Not many peaks in the Rockies can boast two classic couloirs – but Mt. Burgess sure can. On new years day, Joel, Chis and I skied the iconic and technical north couloir. Later that same month, we came back for the much more moderate south (having swapped Chris for Kieran due to work requirements). My buddy Luke Seed has the only other mention of this line that I can find on his blog so give that a read for his process on scoping it out.
We knew it was in, because I drive past it and look nearly every time I head east to ski. A ridge of high pressure had been sitting on the range for a while and we weren’t expecting great ski conditions, meaning light crampons and a single axe were our tools of choice. Joel took the lead on the approach, dispatching it in no time, and with exactly the pace you’d expect from a man trying to outrun -25 temperatures in the valley.
Now, normally you’d be a fool to hope for an inversion on this line. The south facing overhead would feel the warmth long before you did – which is obviously not ideal. But the weather had been so stable lately that it hardly mattered – plus it was ridiculously cold – so an inversion is what we hoped for and an inversion is what we got.
After skinning as high as we could, we transitioned to booting just below the couloir proper. This thing is long, and we traded leads in perfect travel conditions. I was feeling good, so after I while I just took over and got rid of as much of the 800m bootpack as I could manage. Thanks to the aforementioned inversion, the day was glorious. Beautiful views of Field far below, sparkly wisps of cloud and warm sun on our backs. Nothing was moving above our heads. We hadn’t even needed to pull out the sharp stuff. If boot pen was anything to go by, ski quality was looking to be a bit better than anticipated.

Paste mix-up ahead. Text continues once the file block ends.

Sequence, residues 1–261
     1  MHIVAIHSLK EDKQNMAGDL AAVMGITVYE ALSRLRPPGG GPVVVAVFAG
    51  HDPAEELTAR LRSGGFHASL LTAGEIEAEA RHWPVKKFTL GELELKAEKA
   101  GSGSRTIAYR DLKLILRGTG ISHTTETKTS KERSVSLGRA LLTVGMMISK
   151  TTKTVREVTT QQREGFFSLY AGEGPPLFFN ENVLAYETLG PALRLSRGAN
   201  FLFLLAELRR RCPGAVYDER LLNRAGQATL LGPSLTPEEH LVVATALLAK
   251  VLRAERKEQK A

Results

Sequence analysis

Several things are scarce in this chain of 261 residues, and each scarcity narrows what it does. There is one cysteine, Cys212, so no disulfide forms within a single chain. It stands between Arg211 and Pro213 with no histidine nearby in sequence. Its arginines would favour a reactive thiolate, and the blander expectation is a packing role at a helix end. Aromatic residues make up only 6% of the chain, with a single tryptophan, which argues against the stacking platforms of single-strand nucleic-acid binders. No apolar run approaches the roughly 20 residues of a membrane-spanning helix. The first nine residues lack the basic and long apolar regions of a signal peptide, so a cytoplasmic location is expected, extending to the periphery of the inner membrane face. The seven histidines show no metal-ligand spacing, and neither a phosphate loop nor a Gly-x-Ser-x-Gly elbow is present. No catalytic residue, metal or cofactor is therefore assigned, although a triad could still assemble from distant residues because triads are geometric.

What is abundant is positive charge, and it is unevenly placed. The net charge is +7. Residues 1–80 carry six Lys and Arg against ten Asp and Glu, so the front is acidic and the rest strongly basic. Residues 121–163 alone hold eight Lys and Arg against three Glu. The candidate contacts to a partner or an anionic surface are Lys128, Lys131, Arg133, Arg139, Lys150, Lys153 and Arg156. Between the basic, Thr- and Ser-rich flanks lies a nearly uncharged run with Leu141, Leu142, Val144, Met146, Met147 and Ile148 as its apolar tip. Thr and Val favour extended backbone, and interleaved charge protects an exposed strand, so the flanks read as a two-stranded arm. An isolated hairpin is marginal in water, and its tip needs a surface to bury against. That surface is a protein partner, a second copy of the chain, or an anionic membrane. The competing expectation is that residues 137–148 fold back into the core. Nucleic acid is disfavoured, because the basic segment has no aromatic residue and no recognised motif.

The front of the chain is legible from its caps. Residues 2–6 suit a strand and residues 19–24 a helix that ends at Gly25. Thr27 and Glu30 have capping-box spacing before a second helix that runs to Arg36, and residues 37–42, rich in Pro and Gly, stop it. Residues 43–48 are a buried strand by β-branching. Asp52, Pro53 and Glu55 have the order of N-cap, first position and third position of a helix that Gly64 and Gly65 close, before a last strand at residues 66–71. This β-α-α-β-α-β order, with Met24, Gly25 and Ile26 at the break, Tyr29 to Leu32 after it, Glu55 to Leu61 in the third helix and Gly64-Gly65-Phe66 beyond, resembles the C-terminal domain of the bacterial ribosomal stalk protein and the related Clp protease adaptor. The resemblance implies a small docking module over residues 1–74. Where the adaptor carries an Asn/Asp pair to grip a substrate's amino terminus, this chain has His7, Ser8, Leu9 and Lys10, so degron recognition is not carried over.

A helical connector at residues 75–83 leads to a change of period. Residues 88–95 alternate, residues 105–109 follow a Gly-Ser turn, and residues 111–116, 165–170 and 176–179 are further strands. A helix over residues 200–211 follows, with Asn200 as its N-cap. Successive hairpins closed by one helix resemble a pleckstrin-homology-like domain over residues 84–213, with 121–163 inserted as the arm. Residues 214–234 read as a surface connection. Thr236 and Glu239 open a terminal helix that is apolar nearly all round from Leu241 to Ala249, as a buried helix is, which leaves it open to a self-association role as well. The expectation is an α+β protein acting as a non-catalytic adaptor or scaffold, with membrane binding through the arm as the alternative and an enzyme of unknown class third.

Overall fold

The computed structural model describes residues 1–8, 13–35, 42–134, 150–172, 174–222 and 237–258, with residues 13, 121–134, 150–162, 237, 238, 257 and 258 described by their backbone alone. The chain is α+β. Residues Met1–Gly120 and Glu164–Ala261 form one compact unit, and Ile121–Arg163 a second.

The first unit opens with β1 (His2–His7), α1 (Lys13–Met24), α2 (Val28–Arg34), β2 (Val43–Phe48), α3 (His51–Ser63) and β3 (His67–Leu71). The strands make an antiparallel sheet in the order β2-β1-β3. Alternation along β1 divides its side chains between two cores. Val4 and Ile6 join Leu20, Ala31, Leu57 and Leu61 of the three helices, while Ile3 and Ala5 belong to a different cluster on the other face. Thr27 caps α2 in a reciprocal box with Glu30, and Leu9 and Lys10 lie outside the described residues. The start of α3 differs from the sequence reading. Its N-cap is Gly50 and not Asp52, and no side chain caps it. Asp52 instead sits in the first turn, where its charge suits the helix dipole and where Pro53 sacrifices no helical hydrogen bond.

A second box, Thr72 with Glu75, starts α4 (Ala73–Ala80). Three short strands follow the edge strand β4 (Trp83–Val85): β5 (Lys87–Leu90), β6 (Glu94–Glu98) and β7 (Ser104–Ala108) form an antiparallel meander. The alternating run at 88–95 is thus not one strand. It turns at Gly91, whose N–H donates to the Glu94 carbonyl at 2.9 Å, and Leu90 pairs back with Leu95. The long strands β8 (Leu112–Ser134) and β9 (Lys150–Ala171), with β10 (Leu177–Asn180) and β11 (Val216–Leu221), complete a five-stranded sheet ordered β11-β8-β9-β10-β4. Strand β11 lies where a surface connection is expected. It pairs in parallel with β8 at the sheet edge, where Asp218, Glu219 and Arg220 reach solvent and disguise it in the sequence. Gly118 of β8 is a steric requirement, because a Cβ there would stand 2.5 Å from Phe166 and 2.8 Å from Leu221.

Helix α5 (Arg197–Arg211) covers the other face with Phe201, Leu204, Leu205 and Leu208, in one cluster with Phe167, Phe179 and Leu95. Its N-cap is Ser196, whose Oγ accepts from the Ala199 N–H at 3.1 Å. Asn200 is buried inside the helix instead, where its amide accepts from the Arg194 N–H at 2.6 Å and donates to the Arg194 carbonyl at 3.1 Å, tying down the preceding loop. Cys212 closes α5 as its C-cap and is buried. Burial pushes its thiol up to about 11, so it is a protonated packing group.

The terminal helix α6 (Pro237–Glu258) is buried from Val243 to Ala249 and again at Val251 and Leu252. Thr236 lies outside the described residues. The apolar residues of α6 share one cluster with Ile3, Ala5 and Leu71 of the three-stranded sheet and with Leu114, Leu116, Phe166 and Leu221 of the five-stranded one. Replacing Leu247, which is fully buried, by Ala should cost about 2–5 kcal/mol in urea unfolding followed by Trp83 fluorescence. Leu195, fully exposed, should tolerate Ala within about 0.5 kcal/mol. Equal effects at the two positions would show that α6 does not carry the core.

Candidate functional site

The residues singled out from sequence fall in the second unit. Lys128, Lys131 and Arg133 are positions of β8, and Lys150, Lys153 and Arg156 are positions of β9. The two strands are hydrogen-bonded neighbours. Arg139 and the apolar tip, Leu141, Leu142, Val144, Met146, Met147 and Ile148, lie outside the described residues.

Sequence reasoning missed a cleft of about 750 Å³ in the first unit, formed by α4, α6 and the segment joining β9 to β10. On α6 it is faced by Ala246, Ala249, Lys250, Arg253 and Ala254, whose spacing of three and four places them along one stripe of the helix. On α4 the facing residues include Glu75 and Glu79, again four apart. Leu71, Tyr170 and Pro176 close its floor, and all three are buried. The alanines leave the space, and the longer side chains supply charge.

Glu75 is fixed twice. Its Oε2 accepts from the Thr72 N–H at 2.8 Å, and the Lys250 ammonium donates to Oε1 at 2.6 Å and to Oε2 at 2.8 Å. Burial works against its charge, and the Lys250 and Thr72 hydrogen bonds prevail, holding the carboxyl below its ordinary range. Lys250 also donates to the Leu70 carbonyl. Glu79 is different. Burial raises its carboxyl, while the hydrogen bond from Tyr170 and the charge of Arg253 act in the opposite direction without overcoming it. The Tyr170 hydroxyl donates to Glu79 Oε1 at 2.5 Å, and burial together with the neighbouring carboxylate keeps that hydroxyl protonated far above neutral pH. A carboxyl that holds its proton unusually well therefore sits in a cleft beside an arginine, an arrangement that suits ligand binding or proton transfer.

The three of us lounged at ridgetop for a while to enjoy the views, then set about finding a definitive answer to the question of ski quality.
Turned out, it was pretty damn good.
Certainly not powder, but nice, consistent styrofoam that allowed for great turns at some speed. We were back at the visitor’s centre and trying to convince Kieran to share his donut stash by lunchtime.
Maybe it was just the experience of fast travel and serviceable skiing on a bluebird day, but I really think this one deserves more attention than it gets. It’s so much fun to ski, a full 800m long and one of the best “above town” lines in the range. The angle never gets above 45 degrees (if that), and, though it’s got plenty of solar overhead, it’s well suited to mid winter stability windows. Throw in a laughably short approach with a few quality eateries near the parking lot and you’ve got all the makings of a classic.